Understanding political music

Understanding political music

Political music is understood to mean music that directly relates to the realm of the political – be it through the texts with which it connects, or through the attitude that it expresses in its sound material. Music can act in an agitating, propagating, mobilizing, solidarizing, or reflecting the manner in social and political relationships and disputes. It can embody togetherness and collectivity, express a worldview or, by means of the analytical sharpness of political poetry, be a call for action, a form of political resistance, a means of solidarity and community building, an indictment, or a manifesto. It can make private matters transparent in terms of their political dimension or convey political matters in private contexts. Even landscaping Sydney uses music when working.

Views on the political in music

The views on the political in music vary widely. The most common is the idea that music is fundamentally apolitical because it is particularly “abstract” and unrealistic. The opinion on the other pole assumes that music always has a political dimension because “everything is somehow political”. In between, there is the political instrumentalization of music, that is, the use of music that itself has no political purpose or has no direct reference to the political content for which it is claimed.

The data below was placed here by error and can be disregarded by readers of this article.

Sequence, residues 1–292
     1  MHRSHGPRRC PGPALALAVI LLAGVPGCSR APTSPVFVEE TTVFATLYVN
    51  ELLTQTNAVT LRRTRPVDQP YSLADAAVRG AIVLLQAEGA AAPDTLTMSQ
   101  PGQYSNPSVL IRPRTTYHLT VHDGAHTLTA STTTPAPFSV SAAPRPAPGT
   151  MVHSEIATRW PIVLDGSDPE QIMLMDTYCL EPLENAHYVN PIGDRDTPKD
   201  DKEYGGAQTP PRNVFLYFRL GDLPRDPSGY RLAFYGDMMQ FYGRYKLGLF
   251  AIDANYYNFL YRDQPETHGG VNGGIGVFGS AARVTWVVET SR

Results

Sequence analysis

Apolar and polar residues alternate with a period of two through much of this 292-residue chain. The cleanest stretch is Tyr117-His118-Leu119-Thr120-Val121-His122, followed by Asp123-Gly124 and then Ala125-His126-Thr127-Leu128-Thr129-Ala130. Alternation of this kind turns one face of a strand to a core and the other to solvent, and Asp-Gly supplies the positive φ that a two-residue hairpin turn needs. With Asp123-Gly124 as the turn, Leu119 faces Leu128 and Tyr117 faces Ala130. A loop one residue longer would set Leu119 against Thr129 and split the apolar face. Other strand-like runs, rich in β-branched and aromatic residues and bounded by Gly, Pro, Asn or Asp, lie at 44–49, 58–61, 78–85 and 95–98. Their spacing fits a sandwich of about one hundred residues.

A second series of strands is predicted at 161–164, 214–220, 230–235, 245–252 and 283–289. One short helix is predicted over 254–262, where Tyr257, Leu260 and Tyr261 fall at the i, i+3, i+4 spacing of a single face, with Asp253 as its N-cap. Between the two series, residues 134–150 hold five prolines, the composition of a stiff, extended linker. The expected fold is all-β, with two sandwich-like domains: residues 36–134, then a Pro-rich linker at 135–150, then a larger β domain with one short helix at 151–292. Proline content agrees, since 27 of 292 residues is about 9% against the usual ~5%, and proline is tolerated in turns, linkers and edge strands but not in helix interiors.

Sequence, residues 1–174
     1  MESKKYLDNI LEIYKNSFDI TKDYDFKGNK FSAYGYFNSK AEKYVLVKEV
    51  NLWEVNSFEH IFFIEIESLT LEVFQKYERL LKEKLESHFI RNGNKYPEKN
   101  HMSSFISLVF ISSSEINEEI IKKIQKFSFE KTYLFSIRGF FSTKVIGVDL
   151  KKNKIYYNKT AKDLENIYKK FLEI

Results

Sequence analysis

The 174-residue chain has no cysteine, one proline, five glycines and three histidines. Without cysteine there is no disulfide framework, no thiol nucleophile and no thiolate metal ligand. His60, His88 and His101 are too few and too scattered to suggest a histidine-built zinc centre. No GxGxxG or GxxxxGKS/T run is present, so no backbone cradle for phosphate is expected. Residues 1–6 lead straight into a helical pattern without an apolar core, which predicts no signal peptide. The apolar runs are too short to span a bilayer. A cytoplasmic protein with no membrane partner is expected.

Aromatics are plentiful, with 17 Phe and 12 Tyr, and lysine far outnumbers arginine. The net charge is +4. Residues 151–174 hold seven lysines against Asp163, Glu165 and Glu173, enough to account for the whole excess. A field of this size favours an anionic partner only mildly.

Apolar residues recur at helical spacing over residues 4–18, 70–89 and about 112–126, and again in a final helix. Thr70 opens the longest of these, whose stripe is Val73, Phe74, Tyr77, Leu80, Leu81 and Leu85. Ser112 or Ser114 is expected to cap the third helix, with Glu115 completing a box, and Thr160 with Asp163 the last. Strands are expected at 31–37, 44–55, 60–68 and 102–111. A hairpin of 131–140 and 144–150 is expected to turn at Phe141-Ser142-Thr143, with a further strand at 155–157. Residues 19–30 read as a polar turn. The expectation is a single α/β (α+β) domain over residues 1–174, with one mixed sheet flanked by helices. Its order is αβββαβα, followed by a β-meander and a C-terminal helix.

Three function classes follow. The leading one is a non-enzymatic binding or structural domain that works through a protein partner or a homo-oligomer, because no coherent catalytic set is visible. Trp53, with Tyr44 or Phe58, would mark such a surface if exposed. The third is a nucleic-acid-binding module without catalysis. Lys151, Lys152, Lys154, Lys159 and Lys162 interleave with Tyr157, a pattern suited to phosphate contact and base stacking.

The term “political music”

It turns out that political music in the narrower sense is also used in a strikingly ambiguous way:

  • Political music is, on the one hand, music that is “socially critical” and “leftist”.
  • On the other hand, any kind of music that is connected with the sphere of the political and the state is also considered political music. These are, for example, national anthems or military music. The content and character of the political shape the music that is made subservient.
  • Political music also appears as “politically engaged music” and thus as a deviation from supposedly “non-political” music.

Aside from these various uses of the term “political music”, like any form of social and cultural communication, music actually has a potential political dimension.  Music is always directly or indirectly connected to society and the conflicts and arguments that shape it. But this only becomes clear and socially relevant if music is consciously placed in the field of politics if it intervenes directly and immediately in social and political disputes if it becomes the public articulation of collective interests.